TheDudeLebowski65
Super Reviewer
½ August 26, 2011
Spiderman 3 is quite possible the worst of the three films (if you can believe that) the first was decent, the second mediocre, and third is simply awful. This third entry is a silly, pointless third film, and it doesn't deliver anything really entertaining. Sam Raimi's credibility as a good director, I believe is tarnished by the Spiderman films. As they never were that good to begin with. This third film has an awful story with pretty poor acting. This film scraps the bottom of the barrel, and it feels like they were struggling with finding a good idea for a film. What they come up with here is laughable, and the film doesn't work whatsoever. This is yet another example of an awful sequel, and it's really a shame, because this trilogy could have been something great. Instead, the Spiderman films are a joke. This third entry is the worst of three films, and feels like they were struggling with the material that they had come with for this film. The concept behind this film is terrible and I question as to how Sam Raimi, once a promising talent after making The Evil Dead, has fallen like this. I guess these films aren't meant to be anything special, because in the end, they're forgettable, but above all this one is laughable. The action scenes were sloppy, and way too over the top for me. A ruined series that had the potential to be something terrific. If you've seen the first two films, avoid this poorly crafted third entry.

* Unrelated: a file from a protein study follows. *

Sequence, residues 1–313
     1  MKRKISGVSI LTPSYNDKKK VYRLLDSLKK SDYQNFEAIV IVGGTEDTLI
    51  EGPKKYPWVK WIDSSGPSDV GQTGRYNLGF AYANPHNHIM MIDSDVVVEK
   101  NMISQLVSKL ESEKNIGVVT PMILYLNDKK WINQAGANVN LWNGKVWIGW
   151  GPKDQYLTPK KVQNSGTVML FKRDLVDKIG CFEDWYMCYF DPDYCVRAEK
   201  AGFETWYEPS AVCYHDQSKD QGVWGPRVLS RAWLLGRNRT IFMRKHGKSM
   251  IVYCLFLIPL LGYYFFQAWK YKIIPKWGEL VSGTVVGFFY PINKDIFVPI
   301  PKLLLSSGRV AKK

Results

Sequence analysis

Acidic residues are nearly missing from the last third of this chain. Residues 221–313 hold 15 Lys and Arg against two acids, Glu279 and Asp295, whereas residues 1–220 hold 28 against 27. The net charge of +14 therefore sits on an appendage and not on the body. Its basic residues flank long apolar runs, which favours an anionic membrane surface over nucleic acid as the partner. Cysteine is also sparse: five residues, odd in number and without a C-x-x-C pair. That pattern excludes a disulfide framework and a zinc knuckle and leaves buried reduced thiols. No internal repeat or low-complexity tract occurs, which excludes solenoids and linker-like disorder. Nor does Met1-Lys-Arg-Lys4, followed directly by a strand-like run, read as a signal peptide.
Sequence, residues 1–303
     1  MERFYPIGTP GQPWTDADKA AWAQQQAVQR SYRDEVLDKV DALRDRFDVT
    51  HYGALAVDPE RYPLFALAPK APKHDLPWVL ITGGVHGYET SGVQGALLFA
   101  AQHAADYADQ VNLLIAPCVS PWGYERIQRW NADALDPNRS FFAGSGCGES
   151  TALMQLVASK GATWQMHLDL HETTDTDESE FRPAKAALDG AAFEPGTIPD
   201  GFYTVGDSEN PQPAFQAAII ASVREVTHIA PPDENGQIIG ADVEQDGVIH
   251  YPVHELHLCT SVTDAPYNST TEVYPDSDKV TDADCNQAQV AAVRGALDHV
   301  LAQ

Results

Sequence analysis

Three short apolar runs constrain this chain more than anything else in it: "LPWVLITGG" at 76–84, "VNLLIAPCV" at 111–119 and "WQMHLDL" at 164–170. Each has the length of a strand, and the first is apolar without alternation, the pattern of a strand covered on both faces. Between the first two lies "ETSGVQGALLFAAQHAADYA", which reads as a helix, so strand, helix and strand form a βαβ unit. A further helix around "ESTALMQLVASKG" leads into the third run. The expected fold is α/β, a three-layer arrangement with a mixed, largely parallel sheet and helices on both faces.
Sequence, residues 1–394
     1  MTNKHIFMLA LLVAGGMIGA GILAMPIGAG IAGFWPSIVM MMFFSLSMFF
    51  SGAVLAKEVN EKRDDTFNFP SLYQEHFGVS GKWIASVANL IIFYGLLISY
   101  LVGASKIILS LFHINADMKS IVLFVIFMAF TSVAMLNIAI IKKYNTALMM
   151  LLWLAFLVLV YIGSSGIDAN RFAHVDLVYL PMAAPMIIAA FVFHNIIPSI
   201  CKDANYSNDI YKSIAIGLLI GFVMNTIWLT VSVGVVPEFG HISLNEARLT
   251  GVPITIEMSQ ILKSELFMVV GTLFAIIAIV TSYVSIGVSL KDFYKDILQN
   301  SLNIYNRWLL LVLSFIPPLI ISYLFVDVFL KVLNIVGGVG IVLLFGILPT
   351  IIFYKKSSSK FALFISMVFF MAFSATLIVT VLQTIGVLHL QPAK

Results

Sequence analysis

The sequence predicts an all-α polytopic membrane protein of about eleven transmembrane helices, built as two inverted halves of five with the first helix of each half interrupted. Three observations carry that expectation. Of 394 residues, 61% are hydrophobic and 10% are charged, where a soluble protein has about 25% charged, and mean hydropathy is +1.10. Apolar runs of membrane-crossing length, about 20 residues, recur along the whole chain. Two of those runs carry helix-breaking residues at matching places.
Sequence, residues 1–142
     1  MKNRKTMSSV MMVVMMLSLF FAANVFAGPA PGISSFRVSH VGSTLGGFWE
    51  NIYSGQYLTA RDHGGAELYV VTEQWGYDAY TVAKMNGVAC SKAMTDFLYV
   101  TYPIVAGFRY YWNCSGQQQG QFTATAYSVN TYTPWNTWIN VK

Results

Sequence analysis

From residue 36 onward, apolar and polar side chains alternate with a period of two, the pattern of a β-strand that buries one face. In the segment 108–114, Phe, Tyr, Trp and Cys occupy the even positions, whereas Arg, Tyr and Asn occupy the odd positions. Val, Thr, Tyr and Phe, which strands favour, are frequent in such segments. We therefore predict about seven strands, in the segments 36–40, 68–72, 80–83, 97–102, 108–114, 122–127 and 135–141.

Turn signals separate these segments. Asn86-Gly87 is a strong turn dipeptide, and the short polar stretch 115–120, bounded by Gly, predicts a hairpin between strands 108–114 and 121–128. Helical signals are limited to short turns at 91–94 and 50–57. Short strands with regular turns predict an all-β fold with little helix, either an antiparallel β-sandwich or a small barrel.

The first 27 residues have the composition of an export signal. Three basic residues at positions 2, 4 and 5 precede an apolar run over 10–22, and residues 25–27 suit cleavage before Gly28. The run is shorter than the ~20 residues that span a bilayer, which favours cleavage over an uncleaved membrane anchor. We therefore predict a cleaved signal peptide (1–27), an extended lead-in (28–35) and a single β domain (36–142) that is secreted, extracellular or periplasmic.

murphmann93
Super Reviewer
June 24, 2011
I loved all of these Spider Man's.
Super Reviewer
½ January 22, 2011
Underrated much? Spider-Man 3 features great action, great acting, and really fun sequences. It may be a little long but it feels so short if you're into superhero movies.
blkbomb
Super Reviewer
May 8, 2011